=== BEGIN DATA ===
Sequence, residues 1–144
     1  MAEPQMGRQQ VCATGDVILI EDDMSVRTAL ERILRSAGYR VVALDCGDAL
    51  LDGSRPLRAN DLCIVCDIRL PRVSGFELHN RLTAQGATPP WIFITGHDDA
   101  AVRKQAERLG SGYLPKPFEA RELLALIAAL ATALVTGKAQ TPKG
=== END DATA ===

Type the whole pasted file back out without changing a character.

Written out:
Sequence, residues 1–144
     1  MAEPQMGRQQ VCATGDVILI EDDMSVRTAL ERILRSAGYR VVALDCGDAL
    51  LDGSRPLRAN DLCIVCDIRL PRVSGFELHN RLTAQGATPP WIFITGHDDA
   101  AVRKQAERLG SGYLPKPFEA RELLALIAAL ATALVTGKAQ TPKG